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INDUCEMENTS HELD OUT TO FRANCE.
determined to follow a cautious and ance from the Emperor of Germany prudent course and wished to obtain and the Kings of France, Spain, and concessions from the Americans in Prussia in preventing the employproportion to the benefits they be- ment by England of German and other stowed.* By this time Vergennes had foreign troops in the conflict with obtained the consent of Spain to join America. her in a war against England, but To induce France to lend her aid, just at this moment came news
the American commissioners were of the defeat on Long Island, authorized to guarantee that all and this unexpected announcement trade between the United States dashed the hopes of Vergennes and and the West India Islands should completely disarranged his plans.t be carried on either in American Because of the discouragements con- French vessels; they should sequent upon the failure of the cam- assure the French king that, if paign of 1776, Congress redoubled its by any means the British should be efforts to secure aid from foreign na- excluded from the American codtions, appointing a committee to pre- fisheries by the reduction of Newpare a plan for this purpose. When foundland and Cape Breton, ships of the plan proposed by this committee war should be furnished at the exwas taken under consideration, a pense of the United States for the heated debate followed. Some of the purpose of reducing Nova Scotia, and members wished to sacrifice almost the cod-fishery would be equally eneverything to obtain the aid of France, joyed by France and America to the and were willing to offer her almost exclusion of other nations; and that the same monopoly of American com- one-half of Newfoundland should merce as Great Britain had enjoyed belong to France, while the other prior to the outbreak of the war. On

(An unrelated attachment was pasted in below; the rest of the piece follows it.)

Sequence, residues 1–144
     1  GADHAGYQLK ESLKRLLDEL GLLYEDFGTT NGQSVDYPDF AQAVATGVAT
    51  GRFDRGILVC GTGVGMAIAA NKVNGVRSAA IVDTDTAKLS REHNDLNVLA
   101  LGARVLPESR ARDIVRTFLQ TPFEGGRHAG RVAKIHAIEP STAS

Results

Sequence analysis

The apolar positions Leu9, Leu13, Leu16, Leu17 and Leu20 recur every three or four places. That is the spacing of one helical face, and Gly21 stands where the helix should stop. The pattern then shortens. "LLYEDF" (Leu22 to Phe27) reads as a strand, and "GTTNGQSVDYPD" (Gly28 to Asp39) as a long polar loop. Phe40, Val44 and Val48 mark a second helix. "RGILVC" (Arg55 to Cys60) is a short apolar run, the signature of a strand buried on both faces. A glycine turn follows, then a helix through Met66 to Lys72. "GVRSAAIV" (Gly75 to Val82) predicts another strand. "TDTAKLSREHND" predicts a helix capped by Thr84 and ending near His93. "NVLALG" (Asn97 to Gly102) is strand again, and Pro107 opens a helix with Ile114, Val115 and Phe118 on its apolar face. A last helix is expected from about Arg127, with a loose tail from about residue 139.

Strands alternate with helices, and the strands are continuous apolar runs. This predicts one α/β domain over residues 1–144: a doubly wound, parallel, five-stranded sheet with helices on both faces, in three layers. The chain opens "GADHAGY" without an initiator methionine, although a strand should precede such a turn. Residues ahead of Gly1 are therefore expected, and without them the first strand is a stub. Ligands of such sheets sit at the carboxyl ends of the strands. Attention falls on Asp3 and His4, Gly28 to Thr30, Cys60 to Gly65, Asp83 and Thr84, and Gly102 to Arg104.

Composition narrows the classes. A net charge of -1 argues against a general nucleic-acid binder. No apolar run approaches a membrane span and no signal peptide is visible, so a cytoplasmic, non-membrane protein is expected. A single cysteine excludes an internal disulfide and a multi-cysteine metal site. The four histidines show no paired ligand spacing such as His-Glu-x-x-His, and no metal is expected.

On half, together with Cape Breton December 30, 1776, a resolution was and Nova Scotia, should belong adopted in Congress to send commis- to the United States.* In the sioners to the courts of Vienna, Spain, event of these offers being inand Prussia, and to the grand duke of sufficient to obtain the coöperation of Tuscany. These commissioners were France, the commissioners were auinstructed to assure these courts that thorized to assure the French king the Americans would persist in the that if any of the West Indies should contest until independence had been be conquered during the course of the attained. They were also to use their
war, these islands would be given to utmost endeavors to procure assist- him in absolute property, the United
FRANCE UNWILLING TO AID COLONIES.
States engaging to furnish sufficient Negotiations dragged on day after help in the way of armed vessels and day and week after week with little or supplies for this purpose. Offers of no result, the commissioners being a similar nature were to be made to chiefly occupied in denying and conthe king of Spain. Franklin was also tradicting the false statements reappointed commissioner to Spain, but garding affairs in America circulated affairs in France consumed his entire in every direction by the English time and Arthur Lee was afterward emissaries. * sent to that country in his place. The English ministry was supRalph Izard was appointed commis- ported in both houses of Parliament sioner to the Duke of Tuscany, and
cany, and by large majorities, the great body of William Lee to the courts of Berlin people seeming to favor the further and Vienna.